The Climate of London

Deduced from Meteorological Observations, Made at Different Places in the Neighbourhood of the Metropolis

The Climate of London


The Rookeries of London

Past, Present, and Prospective

The Rookeries of London


Preparations for the London 2012 Olympic and Paralympic Games

Progress Report June 2008

Preparations for the London 2012 Olympic and Paralympic Games

This NAO report (HCP 490, session 2007-08, ISBN 9780102954197), provides a progress report on the preparations for the London 2012 Olympic and Paralympic Games. There are four years still to go until the Games take place and the NAO has set out a number of conclusions and recommendations regarding progress, including and covering the following areas: (1) On programme management and risk. The Government Olympic Committee should establish that the various delivery organisations are able to maintain their programme plan and that all arrangements for achieving their goals are up-to-date; also that GOE should align its risk assessments with the overarching programme plan it is setting in place; (2) On budget management. That the assessment criteria for applications to use contingency funds should allow for spend and save use of contingency, that is spending more on one project if it can help avoid delays later in other areas. (3) On evaluation of legacy benefits. The evaluation framework should set baselines against which to measure legacy benefits and disentangle the effects of the Games from other regeneration activities; (4) On management supplier performance. The Olympic Delivery Authority should be able to show by the end of 2008 that the systems for monitoring supplier performance across all objectives are in place and operating effectively; further the Authority needs to communicate to the suppliers the importance of collaborative working and also the Authority should establish whether effective competition is being acheived by suppliers. The NAO's overall conclusion is that preparations for the Games have progressed in important ways. The construction programme is on track; good practice is evident in the way procurement is being handled; the cost estimates have been developed and a clear baseline has been set for assessing costs and progress in the delivery of the venues and associated infrastructures. For related reports, see HCP 612, session 2006-07, (ISBN 9780102947335); Cm.7216 (ISBN 9780101721622); HCP 252, session 2006-07 (ISBN 9780102944273); HCP 85, session 2007-08 (ISBN 9780215514653).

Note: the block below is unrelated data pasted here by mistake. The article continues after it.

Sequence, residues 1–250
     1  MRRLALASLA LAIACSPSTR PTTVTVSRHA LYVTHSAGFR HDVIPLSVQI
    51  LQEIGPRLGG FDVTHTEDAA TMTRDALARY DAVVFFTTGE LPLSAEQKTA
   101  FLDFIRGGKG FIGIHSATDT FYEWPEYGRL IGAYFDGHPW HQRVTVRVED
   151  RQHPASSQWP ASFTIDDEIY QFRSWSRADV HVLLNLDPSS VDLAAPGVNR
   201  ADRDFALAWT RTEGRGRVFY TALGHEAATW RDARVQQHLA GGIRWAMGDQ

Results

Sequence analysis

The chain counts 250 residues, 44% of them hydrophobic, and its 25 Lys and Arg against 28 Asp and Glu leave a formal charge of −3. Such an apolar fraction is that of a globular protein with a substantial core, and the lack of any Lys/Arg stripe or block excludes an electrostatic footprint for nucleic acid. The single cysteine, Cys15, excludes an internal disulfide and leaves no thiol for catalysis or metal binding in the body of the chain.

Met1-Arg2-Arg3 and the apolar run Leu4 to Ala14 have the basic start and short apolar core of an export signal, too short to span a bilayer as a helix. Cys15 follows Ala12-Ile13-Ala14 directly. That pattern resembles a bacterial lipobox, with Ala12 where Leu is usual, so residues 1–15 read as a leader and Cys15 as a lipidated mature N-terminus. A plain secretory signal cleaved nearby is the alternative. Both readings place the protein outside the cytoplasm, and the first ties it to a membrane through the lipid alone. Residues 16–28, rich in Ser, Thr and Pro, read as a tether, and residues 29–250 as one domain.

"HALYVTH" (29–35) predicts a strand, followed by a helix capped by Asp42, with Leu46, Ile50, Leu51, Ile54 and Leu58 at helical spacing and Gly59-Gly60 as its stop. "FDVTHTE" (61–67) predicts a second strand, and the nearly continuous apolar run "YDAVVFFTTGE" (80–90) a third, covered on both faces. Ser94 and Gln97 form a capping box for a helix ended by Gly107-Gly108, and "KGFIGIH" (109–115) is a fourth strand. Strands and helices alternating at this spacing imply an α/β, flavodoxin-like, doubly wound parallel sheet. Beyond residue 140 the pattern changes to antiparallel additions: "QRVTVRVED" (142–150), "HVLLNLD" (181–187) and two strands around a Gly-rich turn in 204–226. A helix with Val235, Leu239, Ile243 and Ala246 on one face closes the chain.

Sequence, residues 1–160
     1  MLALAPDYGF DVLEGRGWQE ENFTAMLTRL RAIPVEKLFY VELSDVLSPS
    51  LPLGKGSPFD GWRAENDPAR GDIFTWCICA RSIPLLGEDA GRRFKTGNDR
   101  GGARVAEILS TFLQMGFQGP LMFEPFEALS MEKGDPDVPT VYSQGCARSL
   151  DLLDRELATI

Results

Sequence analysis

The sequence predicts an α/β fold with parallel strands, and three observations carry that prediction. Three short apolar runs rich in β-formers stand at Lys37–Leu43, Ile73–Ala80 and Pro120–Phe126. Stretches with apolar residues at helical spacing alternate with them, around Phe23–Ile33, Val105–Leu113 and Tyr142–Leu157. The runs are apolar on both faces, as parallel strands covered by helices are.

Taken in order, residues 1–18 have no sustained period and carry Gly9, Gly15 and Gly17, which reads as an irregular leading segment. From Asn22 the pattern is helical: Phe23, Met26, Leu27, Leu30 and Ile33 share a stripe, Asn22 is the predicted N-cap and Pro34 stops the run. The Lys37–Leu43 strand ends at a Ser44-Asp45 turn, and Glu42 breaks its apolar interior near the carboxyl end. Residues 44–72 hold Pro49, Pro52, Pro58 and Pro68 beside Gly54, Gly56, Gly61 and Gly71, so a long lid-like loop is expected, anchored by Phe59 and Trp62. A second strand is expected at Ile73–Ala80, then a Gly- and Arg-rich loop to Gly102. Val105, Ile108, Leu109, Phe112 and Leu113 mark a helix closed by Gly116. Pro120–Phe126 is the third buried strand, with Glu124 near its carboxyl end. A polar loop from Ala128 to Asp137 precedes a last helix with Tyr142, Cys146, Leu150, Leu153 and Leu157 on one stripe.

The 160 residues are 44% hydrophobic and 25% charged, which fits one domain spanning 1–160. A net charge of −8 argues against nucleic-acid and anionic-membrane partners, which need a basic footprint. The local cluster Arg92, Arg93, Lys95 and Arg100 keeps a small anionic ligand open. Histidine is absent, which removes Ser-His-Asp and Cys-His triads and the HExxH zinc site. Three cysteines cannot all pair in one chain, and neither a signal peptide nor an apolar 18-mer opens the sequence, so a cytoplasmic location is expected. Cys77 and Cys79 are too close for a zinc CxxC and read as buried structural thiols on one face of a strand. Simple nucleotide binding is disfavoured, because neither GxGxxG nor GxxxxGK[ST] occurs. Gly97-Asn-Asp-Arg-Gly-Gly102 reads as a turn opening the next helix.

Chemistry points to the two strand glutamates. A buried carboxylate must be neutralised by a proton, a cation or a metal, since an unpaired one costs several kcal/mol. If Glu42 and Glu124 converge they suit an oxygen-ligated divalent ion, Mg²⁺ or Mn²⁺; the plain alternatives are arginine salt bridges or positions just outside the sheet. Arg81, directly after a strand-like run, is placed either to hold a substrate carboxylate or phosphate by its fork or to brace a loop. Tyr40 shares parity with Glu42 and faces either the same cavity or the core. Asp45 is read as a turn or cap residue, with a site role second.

Rereading Jack London

Rereading Jack London

Jack London has long been recognized as one of the most colorful figures in American literature. He is America’s most widely translated author (into more than eighty languages), and although his works have been neglected until recently by academic critics in the United States, he is finally winning recognition as a major figure in American literary history. The breadth and depth of new critical study of London’s work in recent decades attest to his newfound respectability. London criticism has moved beyond a traditional concerns of realism and naturalism as well as beyond the timeworn biographical focus to engage such theoretical approaches as race, gender, class, post-structuralism, and new historicism. The range and intellectual energy of the essays collected here give the reader a new sense of London’s richness and variety, especially his treatment of diverse cultures. Having in the past focused more on London’s personal "world,” we are now afforded an opportunity to look more closely at his art and the numerous worlds it uncovers.

London's Turning

Thames Gateway-prospects and Legacy

London's Turning

Providing a comprehensive overview and critique of the Thames Gateway plan, this volume examines the impact of urban planning and demographic change on East London's material and social environment. It also examines the immediate and longer term prospects for the Thames Gateway project both in relation to the 'Olympics effect' and the growth of new forms of regionalism.